‘What will you do for nightlife?’ NTIA challenges political parties

By Nikkie Thatcher

- Last updated on GMT

(image: Getty/	Flashpop)
(image: Getty/ Flashpop)

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The Night-Time Industries Association (NTIA) has challenged political parties, asking them what they will do for the sector ahead of the general election.

The trade body has previously called for the incoming Government to prioritise the night-time economy​.

It outlined a number of key proposals, which it said were aimed at fostering growth, resilience and sustainability.

Furthermore, the NTIA also called for a night-time economy minister​ to help safeguard the future of nightlife.

CEO Michael Kill said: “The night-time economy has suffered irreparable damage throughout the pandemic and now due to the cost-of-living crisis.

“We have advocated for a ground zero moment – an opportunity to create a foundation that will allow businesses to recover and return to pre-pandemic trading conditions/

“The NTIA’s ‘Darkest Before the Dawn’ manifesto has been shared with thousands of politicians across the UK.

“It contains 44 clear industry-driven requests to electoral candidates and aims to provide direction and a strategy for the incoming Government to hit the ground running."

Broad brush commitments

Kill added: “Over the course of the past week, we have seen a considerable amount of broad brush commitments within manifestos released by all political parties and have been somewhat frustrated by the lack of detail and substance.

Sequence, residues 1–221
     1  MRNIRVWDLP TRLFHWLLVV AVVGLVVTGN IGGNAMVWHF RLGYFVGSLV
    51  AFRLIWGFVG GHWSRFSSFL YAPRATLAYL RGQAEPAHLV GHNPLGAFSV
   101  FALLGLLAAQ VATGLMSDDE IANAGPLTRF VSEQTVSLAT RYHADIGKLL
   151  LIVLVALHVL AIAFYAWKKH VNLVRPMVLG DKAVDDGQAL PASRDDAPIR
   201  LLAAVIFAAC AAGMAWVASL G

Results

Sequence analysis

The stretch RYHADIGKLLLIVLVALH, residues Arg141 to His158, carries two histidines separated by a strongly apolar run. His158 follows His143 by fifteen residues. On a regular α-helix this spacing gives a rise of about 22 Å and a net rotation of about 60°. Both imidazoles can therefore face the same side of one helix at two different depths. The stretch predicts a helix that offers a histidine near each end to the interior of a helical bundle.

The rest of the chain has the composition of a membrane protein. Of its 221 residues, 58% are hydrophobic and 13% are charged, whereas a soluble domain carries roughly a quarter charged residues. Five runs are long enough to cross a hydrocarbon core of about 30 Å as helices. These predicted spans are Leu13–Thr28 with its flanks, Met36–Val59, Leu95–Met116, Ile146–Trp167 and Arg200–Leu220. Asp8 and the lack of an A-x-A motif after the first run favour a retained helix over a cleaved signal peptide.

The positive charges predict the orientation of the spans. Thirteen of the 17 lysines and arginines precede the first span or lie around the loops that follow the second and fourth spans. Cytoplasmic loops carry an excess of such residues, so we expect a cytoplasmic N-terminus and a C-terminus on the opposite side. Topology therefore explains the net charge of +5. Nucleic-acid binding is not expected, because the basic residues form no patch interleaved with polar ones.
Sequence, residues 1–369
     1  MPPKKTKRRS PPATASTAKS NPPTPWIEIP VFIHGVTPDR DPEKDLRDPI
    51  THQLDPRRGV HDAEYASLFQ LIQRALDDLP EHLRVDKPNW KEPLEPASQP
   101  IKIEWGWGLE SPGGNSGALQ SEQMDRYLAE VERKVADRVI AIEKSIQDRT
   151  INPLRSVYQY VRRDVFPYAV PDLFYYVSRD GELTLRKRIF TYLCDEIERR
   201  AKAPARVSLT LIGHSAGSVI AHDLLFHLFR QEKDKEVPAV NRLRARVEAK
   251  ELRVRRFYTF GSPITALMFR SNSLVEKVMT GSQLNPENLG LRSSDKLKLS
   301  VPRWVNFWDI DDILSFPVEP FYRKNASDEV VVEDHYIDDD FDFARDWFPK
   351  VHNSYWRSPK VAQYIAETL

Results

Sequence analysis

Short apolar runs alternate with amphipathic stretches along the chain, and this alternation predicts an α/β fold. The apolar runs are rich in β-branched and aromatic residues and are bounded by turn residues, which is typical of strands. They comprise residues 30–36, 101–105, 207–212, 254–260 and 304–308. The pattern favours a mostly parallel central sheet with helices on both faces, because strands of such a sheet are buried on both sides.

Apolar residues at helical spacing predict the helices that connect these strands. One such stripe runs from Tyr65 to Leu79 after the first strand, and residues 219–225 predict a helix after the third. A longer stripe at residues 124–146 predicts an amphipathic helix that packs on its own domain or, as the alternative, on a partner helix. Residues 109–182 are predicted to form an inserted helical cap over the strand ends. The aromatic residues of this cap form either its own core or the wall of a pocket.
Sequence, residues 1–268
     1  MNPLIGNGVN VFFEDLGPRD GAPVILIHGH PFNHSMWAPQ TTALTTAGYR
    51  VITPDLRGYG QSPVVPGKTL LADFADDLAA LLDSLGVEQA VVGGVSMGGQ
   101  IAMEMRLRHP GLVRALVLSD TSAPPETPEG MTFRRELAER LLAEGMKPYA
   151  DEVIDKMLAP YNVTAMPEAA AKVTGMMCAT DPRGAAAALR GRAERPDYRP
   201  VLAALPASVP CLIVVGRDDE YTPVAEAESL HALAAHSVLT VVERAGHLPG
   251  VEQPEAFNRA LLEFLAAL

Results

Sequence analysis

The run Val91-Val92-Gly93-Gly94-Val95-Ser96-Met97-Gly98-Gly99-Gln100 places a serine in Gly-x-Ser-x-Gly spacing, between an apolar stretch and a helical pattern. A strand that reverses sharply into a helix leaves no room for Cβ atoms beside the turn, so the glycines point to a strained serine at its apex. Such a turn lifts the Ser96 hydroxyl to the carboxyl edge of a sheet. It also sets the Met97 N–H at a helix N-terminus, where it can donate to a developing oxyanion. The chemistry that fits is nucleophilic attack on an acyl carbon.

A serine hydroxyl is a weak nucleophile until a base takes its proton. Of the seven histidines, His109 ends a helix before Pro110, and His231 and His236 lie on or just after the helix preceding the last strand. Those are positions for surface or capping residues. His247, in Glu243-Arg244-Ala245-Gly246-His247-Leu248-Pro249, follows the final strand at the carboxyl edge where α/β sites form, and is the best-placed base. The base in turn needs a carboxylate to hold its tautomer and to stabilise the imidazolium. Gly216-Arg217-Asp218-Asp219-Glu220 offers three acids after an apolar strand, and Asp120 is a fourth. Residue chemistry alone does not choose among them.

“All have highlighted the commitment to the revaluation of sector-specific business rates, intimated there would be a continuation of the alcohol duty freeze but no short-term VAT reduction.”

The NTIA boss said it was encouraging to see the Conservative party listened to the NTIA’s recent call for more detail and some of its key asks from the trade body’s manifesto had been adopted.

He added: “One of our primary manifesto requests is to shift departmental responsibility from regulatory control under the Home Office to the Department for Digital, Culture, Media and Sport (DCMS), alongside appointing a dedicated minister for the night-time economy.

“This minister would be responsible for developing a centralised strategy to influence national and local policy.

“It is without doubt we need the new Government to re-revaluate our licensing and planning systems, removing red tape and unnecessary regulatory burdens and moving towards a system that is proportionate, fair and consistent.

“They need to work towards supporting and protecting cultural spaces across the night-time economy, the breeding group of new talent and artists who are the foundation of our cultural tapestry."

Sector impact

“These spaces should have the same consideration as galleries, castles, museums and theatres under a cultural protection scheme, beginning with the push for the Agent of Chance principle to become primary legislation," Kill said.

“It is clear this is only a start and the industry needs these commitments and more.”

He went on to outline the economic impact the night-time sector has and number of people employed.

“I would ask all political parties not to underestimate the soft power we represent. Our industry generates more than £136bn in annual revenue, employs over 2m people and is one of the largest employers of individuals under 30, with millions attending our events and venues each year,” Kill said.

“Our call to all political parties in the race to represent your respective regions in Government is clear – What will you do for nightlife?”

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